Tea Time Might Be Over, Once World Wakes Up to Amount of Pesticides Inside Each Cup
Tea time is supposed to be a time to relax and regroup, but it could be one of the riskiest moments of the day. At least, that’s according to a new study released by Greenpeace earlier this month that found a number of popular tea brands contain high doses of pesticide residues. Some teas even tested positive for the long-banned DDT.
Greenpeace published two reports looking at tea in China and in India. In both accounts, the levels of pesticide residues found in tea samples were disturbingly above the safe limits set by the World Health Organization.
China and India are the first and second largest producers of tea, respectively, and a good deal of their tea is exported internationally. It's important to note that although the United States imports almost all of its tea, tea companies are required to produce documentation that proves their compliance before being approved by the FDA and customs. Greenpeace's studies focused on China and India, which are the largest producers, as well as the largest consumers, of tea. Their food safety regulations differ wildly from those of the United States.
In 49 Indian tea samples tested, nearly 60 percent contained at least one pesticide above the safety limits set by the European Union. In 18 samples, the quantity of pesticides were “50 percent more than the maximum level.” A whopping 33 samples contained DDT. In the report on China’s teas, nearly 67 percent of samples (18 total) contained pesticides that have been previously banned under the Stockholm Convention. “Richun's Tieguanyin 803 tea [from China] showed up with 17 different kinds of pesticides!” reported Greenpeace. In total, 14 samples from China contained pesticides that are known to harm unborn children or cause genetic damage.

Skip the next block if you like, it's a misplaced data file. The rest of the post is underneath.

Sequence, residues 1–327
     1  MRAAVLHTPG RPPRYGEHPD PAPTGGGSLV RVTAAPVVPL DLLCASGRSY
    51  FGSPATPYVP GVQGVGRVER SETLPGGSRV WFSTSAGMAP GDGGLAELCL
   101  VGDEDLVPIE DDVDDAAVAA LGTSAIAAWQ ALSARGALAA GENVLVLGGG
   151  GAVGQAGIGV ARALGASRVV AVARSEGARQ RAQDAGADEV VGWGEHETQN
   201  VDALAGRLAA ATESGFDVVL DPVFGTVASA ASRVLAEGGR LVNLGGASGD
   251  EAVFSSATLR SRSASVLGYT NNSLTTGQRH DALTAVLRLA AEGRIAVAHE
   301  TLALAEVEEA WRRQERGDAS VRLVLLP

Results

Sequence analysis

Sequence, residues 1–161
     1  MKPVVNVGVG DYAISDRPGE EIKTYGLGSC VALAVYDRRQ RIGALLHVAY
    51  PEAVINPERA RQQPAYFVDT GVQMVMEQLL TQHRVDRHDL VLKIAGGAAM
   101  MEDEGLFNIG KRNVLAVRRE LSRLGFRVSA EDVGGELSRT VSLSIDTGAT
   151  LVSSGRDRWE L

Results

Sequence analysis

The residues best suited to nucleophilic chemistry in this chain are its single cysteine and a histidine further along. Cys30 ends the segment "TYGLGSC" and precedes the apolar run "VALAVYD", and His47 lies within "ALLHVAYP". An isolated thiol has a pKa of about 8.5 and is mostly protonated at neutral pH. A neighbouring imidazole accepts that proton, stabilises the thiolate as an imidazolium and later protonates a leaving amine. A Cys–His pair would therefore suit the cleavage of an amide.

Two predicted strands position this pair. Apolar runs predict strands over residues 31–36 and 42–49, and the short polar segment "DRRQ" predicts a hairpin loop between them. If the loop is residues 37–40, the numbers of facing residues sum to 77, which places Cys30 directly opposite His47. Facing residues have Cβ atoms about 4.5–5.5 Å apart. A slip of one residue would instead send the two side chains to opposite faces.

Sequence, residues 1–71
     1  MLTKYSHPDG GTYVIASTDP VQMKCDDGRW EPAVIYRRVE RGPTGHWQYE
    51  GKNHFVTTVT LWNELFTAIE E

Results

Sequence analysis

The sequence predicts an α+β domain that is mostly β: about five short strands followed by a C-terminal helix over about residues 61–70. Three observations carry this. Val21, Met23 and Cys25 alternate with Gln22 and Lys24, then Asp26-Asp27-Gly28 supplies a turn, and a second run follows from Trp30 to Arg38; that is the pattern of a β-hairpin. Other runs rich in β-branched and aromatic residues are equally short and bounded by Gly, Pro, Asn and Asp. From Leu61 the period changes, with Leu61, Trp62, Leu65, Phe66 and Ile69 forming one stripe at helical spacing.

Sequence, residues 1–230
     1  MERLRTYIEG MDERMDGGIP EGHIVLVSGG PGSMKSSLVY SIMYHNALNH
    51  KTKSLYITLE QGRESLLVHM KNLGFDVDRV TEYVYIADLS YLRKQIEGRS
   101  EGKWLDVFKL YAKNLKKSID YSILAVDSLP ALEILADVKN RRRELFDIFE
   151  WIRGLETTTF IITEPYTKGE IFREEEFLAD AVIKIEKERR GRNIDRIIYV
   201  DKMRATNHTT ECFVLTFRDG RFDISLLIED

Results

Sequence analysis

Brands tested were from 8 of the 11 top tea brands such as Twinings, Tata Tea, Tetley, Brooke Bond, Golden Tips, Goodricke and surprisingly, the No. 1 tea brand: Lipton. In Greenpeace’s studies, three of four Lipton samples, “contained pesticides that are banned for use on tea plants and are highly toxic. Altogether 17 different kinds of pesticides were found on the four samples.”
"As the world's best-selling tea brand, Lipton is taking advantage of China's loose pesticide control measures at the expense of its Chinese customers," Wang Jing, Greenpeace food and agriculture campaigner, told Greenpeace East Asia.
Pesticides found through the test included a number of pesticides that Greenpeace reports are a result of “complicated and confusing” regulations. For instance:
“As of May 2014, a total 248 chemical pesticides have been registered under section 9(3) of the Insecticides Act (1968) for use in India, for all crops. However, the rationale for permitting these remains far from clear; for example, the list contains Endosulfan, which has been subject to a separate comprehensive ban by decision of the High Court as of 2011.”
Pesticides found included methomyl, an insecticide known for harming the nervous system; dicofol, a chemical related to DDT; and endosulfan among many others.
To the news of the findings, Hindustan Unilever Limited (HUL), one of the largest companies reported in the study, said it complies with the law. "We have internal HACCP (Hazard Analysis Critical Control Point) processes for all our factories,” HUL told DNA India. “Samples of raw materials and finished products are regularly sent to third-party testing laboratories. Our data does not show the presence of any unapproved chemicals and we fully comply with the Indian foods regulations as stipulated by the Food Safety and Standards Authority of India (FSSAI)."
HUL added it was looking to phase out pesticides with its suppliers by 2020.
Meanwhile, the Tea Board of India is questioning the studies, saying the trace levels of chemicals came from plantations outside the soils.
Another claim? Peter Goggi, president of the Tea Association of the United States, says the pesticides can remain in the soils long after they're used. "If you look at ag-reports and certain papers that are done, residual DDT is still there," he told AlterNet. He says that although Greenpeace may have pointed out pesticides, the report fails to prove the tea is unsafe to consume. "The tea is safe to consume and as a tea association we work in partnership work with growers and FDA to work with the entire supply."
This story has been updated.